Permeable Reactive Barrier (PRB) techniques (also called "passive treatment walls") involve the physical placement of a barrier, consisting of reactive material, into a trench excavated in the aquifer. In other cases, a chemical reagent (e.g. a reducing agent) is injected into the aquifer to create the reactive barrier. This technique is called In Situ Redox Manipulation (ISRM). The barrier created with ISRM can be placed at much greater depths in the aquifer than with a trench-filled PRB. For these methods to work efficiently, especially for remediation operations, a primary aquifer is needed with well-defined, impermeable lower boundary.
PRB techniques, specifically zero-valent iron walls, are widely used for aquifer cleanup operations in preference to pump-and-treat methods. A wide range of contaminants, including arsenic, cadmium, chromium, copper, mercury, iron, manganese, molybdenum, nickel, lead, selenium, technetium, uranium, vanadium, nitrate, phosphate, and sulphate, can be removed in this way. Field studies of in situ treatment using PRBs have been completed for most of these contaminants.
With regard to biological methods, this study concentrated on denitrification and did not investigate the wide range of organic compounds that may also be treated by this method. In Situ Biological Denitrification (ISBD) methods generally require the introduction of a carbon source into the aquifer that serves as a substrate for the bacteria. This may be in the form of methanol, ethanol, glucose or even sawdust or wood chips injected via one or more boreholes. The Nitredox method is a special case of ISBD, involving the introduction of a carbon source and later oxidation of iron and manganese by-products.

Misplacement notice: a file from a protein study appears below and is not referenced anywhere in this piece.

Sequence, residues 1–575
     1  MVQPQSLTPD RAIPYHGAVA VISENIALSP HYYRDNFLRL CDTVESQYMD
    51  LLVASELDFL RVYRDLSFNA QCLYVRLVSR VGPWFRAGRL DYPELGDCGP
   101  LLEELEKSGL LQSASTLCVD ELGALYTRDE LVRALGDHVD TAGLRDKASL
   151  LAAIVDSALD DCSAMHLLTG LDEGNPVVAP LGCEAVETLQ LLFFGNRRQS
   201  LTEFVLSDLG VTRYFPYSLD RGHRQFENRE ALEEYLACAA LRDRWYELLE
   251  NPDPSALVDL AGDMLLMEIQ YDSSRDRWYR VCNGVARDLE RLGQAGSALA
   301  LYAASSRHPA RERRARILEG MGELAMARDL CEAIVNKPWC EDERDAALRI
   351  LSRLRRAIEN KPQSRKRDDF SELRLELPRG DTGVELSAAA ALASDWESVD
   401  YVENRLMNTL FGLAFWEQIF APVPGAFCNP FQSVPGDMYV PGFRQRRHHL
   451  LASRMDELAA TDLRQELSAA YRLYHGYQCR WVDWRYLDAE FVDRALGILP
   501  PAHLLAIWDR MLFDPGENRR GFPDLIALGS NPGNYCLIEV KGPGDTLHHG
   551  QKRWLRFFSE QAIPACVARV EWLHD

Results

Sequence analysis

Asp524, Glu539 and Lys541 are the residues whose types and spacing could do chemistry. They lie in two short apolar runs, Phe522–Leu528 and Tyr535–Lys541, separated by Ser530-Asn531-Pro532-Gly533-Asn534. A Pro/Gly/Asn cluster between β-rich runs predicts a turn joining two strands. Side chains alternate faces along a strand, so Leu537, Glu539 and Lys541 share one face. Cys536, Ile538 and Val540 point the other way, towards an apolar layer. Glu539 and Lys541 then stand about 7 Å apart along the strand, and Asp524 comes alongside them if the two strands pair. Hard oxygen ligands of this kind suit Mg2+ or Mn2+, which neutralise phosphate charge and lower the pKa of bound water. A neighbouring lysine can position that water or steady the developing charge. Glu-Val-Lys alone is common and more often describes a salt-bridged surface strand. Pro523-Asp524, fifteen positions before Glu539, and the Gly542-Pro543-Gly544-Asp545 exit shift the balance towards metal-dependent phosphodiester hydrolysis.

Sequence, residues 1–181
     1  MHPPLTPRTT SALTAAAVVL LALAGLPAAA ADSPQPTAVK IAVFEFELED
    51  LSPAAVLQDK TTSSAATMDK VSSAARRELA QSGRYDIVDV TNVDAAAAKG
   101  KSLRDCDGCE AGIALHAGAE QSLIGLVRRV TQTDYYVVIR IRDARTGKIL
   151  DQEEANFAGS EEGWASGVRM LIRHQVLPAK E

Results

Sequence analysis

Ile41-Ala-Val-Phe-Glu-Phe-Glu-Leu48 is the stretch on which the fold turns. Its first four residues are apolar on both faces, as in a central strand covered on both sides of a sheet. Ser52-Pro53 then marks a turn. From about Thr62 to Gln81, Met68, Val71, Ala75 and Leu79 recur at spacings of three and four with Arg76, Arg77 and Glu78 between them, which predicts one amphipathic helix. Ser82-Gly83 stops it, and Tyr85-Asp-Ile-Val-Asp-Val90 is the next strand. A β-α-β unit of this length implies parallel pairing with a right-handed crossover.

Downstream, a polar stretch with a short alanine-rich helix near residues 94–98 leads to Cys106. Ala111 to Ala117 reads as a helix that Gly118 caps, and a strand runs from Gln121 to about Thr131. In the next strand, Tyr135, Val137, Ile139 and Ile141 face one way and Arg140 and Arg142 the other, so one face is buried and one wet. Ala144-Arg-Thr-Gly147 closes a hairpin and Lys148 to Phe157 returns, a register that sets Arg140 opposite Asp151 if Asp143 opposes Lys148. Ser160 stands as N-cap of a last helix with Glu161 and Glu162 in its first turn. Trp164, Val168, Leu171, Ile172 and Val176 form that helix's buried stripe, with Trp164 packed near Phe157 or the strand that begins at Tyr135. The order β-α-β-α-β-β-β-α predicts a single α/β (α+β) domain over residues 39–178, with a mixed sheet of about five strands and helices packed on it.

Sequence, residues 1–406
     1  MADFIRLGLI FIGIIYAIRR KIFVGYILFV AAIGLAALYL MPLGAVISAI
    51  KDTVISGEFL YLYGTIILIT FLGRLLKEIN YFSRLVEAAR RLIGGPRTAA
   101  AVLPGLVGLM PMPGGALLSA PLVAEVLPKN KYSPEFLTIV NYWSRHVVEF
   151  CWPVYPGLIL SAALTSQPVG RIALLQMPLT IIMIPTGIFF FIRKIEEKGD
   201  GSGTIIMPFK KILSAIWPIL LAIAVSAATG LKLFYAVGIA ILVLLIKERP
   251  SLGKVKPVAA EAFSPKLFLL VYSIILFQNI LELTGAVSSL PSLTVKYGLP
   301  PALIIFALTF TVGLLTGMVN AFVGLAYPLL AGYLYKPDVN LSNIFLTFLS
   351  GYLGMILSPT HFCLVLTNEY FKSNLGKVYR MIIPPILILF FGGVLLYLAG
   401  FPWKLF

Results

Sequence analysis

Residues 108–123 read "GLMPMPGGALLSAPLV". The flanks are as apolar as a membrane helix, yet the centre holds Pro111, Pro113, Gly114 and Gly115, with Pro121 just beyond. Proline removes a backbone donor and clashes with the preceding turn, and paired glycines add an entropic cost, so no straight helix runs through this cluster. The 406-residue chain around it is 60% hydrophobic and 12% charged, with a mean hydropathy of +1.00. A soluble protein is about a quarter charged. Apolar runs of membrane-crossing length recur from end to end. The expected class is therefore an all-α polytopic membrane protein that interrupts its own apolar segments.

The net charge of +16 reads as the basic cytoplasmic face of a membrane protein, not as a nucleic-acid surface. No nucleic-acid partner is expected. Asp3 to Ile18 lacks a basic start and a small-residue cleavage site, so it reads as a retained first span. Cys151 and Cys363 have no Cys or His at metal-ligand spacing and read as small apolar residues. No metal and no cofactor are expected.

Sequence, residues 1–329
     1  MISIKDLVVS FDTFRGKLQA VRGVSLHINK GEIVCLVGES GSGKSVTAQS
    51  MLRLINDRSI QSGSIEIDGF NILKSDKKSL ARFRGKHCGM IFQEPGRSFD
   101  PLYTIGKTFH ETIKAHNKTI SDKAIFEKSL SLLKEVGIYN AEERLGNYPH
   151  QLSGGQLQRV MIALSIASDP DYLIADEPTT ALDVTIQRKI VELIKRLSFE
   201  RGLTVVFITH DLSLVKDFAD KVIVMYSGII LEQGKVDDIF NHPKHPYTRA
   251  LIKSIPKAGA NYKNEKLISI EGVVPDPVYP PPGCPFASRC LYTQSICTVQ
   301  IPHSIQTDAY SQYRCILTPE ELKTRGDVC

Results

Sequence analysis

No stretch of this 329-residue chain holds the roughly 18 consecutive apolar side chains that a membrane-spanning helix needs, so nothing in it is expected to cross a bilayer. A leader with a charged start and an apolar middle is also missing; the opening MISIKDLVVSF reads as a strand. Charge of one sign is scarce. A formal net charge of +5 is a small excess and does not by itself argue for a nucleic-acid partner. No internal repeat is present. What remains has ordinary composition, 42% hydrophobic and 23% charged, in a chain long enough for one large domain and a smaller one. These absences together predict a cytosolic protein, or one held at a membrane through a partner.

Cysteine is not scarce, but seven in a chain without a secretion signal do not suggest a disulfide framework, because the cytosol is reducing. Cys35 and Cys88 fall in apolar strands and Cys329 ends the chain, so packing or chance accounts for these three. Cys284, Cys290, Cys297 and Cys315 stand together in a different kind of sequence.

Biological methods are widely used for removal of nitrate and degradable organic compounds. This treatment method is a viable option when the rate of contaminant biodegradation is faster than the rate of contaminant migration.
Electrochemical methods are more complex than PRB or biological methods, but are considered here because they are reputed to be applicable to fractured aquifer environments. Various electrochemical systems, applying enhancements such as electrokinetics and electro osmosis, have been described for groundwater treatment. These systems generally use an electrical current, applied via two in situ electrodes to control the movement and redox chemistry of ions and water in the subsurface. Electrochemical methods can be used as an enhancement of other PRB systems, e.g. by combining electrodes with iron walls to remediate nitrate contaminated groundwater and soils abiotically.
Electrokinetic methods appear to have been developed with a focus on remediating spills or leaks of organic chemical products. Much of the emphasis is on mobilising contaminated pore water and there is an expectation that the abstracted water would require additional ex situ treatment. It was stated in the literature that nitrate removal could be improved by coupling the electrokinetic method with an iron wall. However, no information was provided comparing the efficiency of electrokinetics on its own, or that of a coupled system, with non-electrical methods.
Advantages of in situ treatment
In situ treatment of contaminated groundwater uses the aquifer as a subsurface "treatment plant" to improve the quality of groundwater supplies. This has several advantages over conventional ex situ treatment technologies (pump-and-treat systems), including: